The details of our proposals are discussed in the attachment, which is an edited extract from our 1997 report, Fair and Sustainable: Paying for Water.

  We are not aware of any legislative barriers to these proposals, beyond the restrictions on the use of Council Tax data. Once the new social and environmental objectives are in force, Ofwat could itself initiate—or be directed by the government to initiate—the process of charging scheme reform. We feel, however, that there may be merit in placing such a considerable reform on a statutory footing, through the inclusion of an additional clause in the eventual Bill.


  It is our assumption that the eventual Water Bill will include clauses providing the Regulator with a clear legislative framework for the regulation and approval of competition and restructuring within the water industry.

  Quality issues notwithstanding, water is essentially a standard product which is already freely available. From the consumer perspective, therefore, competition will only really have benefits if it results in reduced prices. If competition results in reduced costs which can lead to reduced prices to all consumers, then clearly this is to be welcomed. But our concern is that much of it may take the form of reduced prices to selected "profitable" consumers. Other things being equal, this would then create a pressure for higher prices to "less profitable" consumers, so that total revenues were maintained. In other words, competitors would "cherry pick" the "overcharged" customers to whom they can deliver price cuts, at a profit, leaving the incumbent company to struggle with the loss-making, "under-charged" customers.

  The government is aware of these problems. In the context of water, it is clear that it wants to introduce measures which (1) ensure that all have access to new entrants' services; (2) require new entrants to deliver the same "safety net" social tariffs as existing incumbents; and (3) continue to cross-subsidise customers in rural and urban areas by ensuring that bills do not vary according to geographic location.

  While these safeguards are welcome, we are concerned that very little has been said about the protection of existing differential tariffs which arise because RV-based charging already includes an element of "ability to pay". For example, if new entrants vigorously promote flat-rate unmeasured charges, or cheap measured charges, customers with high RVs but low water usage will take up these options, leaving incumbent companies with low RV customers, who they would then need to charge higher prices. This is, in other words, an acceleration of what is already happening in the 'competition' between metered water and unmetered water.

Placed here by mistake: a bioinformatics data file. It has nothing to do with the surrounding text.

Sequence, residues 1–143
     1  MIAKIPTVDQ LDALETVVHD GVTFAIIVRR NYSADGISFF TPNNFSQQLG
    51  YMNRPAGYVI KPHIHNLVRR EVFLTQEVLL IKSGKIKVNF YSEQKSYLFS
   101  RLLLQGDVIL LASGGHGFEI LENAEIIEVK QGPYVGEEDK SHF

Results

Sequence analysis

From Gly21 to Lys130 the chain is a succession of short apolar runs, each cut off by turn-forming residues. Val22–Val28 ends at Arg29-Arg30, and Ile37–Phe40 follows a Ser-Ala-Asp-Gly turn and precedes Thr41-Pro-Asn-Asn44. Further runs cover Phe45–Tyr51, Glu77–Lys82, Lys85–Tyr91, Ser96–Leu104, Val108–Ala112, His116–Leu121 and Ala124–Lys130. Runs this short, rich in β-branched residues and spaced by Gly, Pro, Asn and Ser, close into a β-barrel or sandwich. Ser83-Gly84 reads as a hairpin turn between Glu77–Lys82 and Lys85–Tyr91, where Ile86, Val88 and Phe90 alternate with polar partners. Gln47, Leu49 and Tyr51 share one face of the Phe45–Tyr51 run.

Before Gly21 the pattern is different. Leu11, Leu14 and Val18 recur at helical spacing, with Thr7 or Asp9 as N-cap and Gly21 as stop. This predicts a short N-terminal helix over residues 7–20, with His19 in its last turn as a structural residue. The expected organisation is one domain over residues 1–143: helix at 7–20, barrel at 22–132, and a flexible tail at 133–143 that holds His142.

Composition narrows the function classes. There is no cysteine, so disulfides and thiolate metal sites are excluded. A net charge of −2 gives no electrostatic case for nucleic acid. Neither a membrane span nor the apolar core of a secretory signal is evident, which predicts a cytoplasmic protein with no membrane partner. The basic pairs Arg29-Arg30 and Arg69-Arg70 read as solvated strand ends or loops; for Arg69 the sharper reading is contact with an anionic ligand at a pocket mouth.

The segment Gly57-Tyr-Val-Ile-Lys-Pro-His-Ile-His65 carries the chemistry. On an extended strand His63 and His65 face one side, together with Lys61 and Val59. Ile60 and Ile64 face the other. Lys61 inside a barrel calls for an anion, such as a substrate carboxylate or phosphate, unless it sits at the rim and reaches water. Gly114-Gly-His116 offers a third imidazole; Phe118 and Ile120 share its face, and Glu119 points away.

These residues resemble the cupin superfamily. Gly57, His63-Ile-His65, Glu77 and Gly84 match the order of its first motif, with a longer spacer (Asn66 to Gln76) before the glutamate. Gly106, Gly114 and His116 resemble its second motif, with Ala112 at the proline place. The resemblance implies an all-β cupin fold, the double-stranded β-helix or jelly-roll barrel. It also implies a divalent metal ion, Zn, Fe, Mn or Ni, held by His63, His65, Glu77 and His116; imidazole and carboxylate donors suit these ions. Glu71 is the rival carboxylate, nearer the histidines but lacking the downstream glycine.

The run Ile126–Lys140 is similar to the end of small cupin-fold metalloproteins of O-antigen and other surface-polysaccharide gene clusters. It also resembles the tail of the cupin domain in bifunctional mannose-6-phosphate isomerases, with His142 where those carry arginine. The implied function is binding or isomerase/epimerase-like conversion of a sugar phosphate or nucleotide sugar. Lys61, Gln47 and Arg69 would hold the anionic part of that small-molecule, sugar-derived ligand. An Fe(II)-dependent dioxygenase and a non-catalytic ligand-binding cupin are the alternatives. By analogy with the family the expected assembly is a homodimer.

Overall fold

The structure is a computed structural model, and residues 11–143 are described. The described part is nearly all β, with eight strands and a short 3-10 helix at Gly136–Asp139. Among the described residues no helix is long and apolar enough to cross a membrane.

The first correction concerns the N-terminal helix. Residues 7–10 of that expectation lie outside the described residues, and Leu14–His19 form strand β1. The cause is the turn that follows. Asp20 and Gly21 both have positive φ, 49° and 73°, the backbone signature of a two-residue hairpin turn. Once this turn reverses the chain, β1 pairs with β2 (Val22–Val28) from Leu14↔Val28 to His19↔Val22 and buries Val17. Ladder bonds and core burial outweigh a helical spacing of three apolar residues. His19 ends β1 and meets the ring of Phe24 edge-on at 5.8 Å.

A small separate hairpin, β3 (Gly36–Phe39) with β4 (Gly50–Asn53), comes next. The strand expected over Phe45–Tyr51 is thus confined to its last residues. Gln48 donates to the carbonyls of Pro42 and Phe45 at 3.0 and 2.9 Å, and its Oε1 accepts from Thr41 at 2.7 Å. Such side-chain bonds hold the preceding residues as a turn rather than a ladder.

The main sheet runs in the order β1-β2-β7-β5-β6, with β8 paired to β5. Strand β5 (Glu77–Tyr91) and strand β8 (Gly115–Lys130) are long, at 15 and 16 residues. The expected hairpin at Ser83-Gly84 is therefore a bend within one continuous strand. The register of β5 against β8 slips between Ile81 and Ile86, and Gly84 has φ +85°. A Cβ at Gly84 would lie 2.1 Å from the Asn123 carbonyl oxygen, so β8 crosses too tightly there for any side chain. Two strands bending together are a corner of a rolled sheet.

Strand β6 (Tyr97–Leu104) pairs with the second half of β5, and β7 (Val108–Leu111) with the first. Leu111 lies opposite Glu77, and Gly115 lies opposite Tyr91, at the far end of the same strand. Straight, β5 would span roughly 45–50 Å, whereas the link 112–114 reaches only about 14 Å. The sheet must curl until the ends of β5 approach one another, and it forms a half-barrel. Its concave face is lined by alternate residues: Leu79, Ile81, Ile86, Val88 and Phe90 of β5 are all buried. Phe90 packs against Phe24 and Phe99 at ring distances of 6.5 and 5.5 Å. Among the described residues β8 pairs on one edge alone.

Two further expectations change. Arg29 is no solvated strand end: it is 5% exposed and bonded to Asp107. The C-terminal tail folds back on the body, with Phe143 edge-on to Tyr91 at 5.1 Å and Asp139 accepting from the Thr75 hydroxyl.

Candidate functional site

The policies adopted to prevent cherry-picking in other regulated sectors would not prevent this problem, because such measures usually involve the requirement for all companies to offer a uniform price to all, regardless of circumstances. In water, because the dominant RV-based charging structure already includes an element of "ability to pay" this would actually drive cherry picking and the unravelling of socially desirable differential tariffs.

  We conclude that competition must be achieved on the basis of cost-effectiveness rather than the adoption of alternative tariff structures. In other words, the future regulatory regime must be such that competing companies all have to adopt broadly similar tariff structures. If a company can achieve lower costs, then it could then offer lower prices to all potential consumers.

  We conclude that settling the strategic shape of future tariff structures is a prerequisite to the introduction of widespread competition. Unless the government is prepared to see poorer customers, who are currently without meters, hit hard these tariffs will clearly need to include an 'ability to pay' element. As we have argued earlier, this implies the introduction of an ability to pay element into measured charges, probably based on Council Tax liability.



  The choice of a new charging system is a commercial decision for the water companies to make. But the unique status of water means that the decision has considerable social and environmental implications. The government therefore has a proper interest in the matter.

  Through OFWAT, the government already takes an interest in the overall level of charges to households. As a steward of the environment, it has an interest in seeing that there are incentives for the sensible use of water by both the water industry and consumers. For reasons of social justice, it also has an interest in the mix of charges between households.

  There is no reason to suppose that the public interest is necessarily or inevitably at odds with the water companies' interest. Instead of proceeding on this basis, assuming the problem to be an inherently adversarial one, the government could try to lead the water companies towards decisions that would command political and public support.